"Although we no longer live in the same city, my brother and I always watch The Year Without a Santa Claus, a stop motion animated movie from the ‘70s, and text each other during it. On Christmas Day, my family watches The Godfather.
The day after Christmas, my father’s side gathers for a big Gregory Christmas dinner. With three generations of Oxford and Emory alumni and staff at the table, the conversation inevitably turns to the latest Emory news."

Michelle Valigursky, assistant director of marketing communications:

"When my boys were little, we always began the season on Thanksgiving by writing out our holiday cards after the turkey began to bake. While the Macy's parade marched down the avenue, we'd begin another time-honored tradition at home: the building of the candy mansion. Each year the house seemed to grow larger and take longer to finish, but our creations were the centerpiece of many a holiday photo and a true joy for every child who visited the house. The best moments were the unexpected ones - catching my toddler son licking the house's candy cane fence, discovering a nephew peeling off red licorice roof tiles for a quick snack, and witnessing ear-to-ear smiles of the little ones who would sit on the floor in front of these candyland dream homes making up stories about the families who lived inside. Before Christmas each year, we donate these sweet homes to children's hospitals to spread the holiday cheer."

Emory Cares for Newton County families and children

Every year, Emory alumni, students, staff, faculty, and friends participate in volunteer service projects around the globe. This November, Chris Arrendale 99Ox 01C, led efforts to share valuable supplies and other fun items for a local charity. Chris writes about the project:

Emory Cares is a project that I am involved because I feel that giving back to the community is important and the event is so much fun! My wife, Amanda Arrendale, and I co-chaired this year's Emory Cares event on Oxford's campus and I have been involved with the project for the past 3 years. It is a lot of fun to bring the community, alumni, families, and friends together to get this project completed for the kids. We even had alumni, staff, and students from Emory drive out to Oxford to participate in Emory Cares. This year we put together 135 shoeboxes full of items for the Newton County Division of Family and Children Services Center! These shoeboxes will be given to children at the Newton County DFACS holiday party and we are happy to bring holiday joy to these kids!

We received donations from many local businesses, as well as from volunteers and alumni. Every year I use social media websites and free sample websites to gather as many toiletries and toys for the kids as I can. My wife and I also collect these items from family, friends, and local businesses and keep these items for the upcoming event. We receive at least 1 item a day through the mail!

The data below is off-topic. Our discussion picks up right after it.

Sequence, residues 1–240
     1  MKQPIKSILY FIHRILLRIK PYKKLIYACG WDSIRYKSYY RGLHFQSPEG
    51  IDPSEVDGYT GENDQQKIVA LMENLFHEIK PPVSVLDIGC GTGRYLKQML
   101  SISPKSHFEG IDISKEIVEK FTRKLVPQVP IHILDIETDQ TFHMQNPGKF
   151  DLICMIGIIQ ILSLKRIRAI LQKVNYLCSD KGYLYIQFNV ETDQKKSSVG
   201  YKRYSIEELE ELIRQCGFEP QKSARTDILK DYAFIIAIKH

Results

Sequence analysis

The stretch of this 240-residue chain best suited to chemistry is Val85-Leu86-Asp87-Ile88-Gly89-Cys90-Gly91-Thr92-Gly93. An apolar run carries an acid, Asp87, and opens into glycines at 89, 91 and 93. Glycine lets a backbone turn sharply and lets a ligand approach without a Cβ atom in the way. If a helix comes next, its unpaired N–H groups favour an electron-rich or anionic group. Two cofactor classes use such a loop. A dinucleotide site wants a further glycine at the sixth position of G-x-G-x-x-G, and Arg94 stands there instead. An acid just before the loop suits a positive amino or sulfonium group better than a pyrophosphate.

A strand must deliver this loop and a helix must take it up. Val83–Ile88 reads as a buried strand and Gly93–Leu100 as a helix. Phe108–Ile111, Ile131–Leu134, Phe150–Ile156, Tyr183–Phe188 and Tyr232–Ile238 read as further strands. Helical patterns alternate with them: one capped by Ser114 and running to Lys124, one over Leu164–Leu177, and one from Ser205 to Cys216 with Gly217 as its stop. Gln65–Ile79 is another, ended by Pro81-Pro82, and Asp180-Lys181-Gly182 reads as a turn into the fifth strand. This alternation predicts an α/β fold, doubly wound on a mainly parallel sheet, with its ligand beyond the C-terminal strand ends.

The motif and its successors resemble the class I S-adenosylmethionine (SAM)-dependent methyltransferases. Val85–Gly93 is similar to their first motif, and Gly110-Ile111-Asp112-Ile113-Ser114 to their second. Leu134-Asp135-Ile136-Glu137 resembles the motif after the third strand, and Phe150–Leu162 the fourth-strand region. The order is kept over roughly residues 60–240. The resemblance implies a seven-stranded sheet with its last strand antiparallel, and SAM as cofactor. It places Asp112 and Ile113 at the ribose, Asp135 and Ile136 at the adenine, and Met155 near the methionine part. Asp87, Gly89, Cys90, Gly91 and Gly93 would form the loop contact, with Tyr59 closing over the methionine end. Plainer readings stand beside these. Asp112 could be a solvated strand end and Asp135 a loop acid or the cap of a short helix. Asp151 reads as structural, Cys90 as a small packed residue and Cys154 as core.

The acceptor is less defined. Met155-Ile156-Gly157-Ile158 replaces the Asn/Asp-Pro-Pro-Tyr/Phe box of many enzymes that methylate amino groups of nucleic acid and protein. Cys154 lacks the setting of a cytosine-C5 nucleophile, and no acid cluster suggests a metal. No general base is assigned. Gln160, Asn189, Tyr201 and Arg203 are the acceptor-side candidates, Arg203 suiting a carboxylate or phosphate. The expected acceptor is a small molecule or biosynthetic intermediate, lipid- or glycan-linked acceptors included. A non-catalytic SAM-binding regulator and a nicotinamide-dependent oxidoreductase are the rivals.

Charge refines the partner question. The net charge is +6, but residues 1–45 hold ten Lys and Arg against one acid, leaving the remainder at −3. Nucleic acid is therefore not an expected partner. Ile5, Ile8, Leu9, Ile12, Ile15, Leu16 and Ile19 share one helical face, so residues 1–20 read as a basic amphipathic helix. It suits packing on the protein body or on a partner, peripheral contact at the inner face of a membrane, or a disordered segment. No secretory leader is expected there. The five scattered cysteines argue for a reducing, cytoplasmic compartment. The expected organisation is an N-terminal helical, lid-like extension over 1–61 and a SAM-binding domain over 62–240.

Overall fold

The Oxford College Emory Cares event had the largest turnout of volunteers, largest turnout of kids, and the largest amount of donations than any previous year! This year we used Facebook to post the event and some of us made calls to alums and family to generate more volunteers. We had so many donations, that we ran out of shoeboxes! Oxford College holds a special place in my heart and working on the Emory Cares project is something I look forward to every year.

Wilma Tilson Robinson 96C fights for healthy living; urges setting early career goals

As a high school grad from Queens, New York, Wilma (Tilson) Robinson 96C wanted to become a doctor and run a community wellness center. But life has a way of changing childhood goals. Today she is a senior health policy analyst in the Office of the Assistant Secretary for Planning and Evaluation at the United States Department of Health and Human Services (HHS) in Washington, D.C. “I did not become a pediatrician and develop the wellness center, but I did receive my doctorate in organizational leadership several years ago, and I have been instrumental in developing national programs and policies around health promotion and wellness over the last 11 years,” she says. Day to day, Robinson conducts policy research, evaluates national programs and initiatives, and assists in program planning and development around women’s health, health disparities, health promotion, and disease prevention.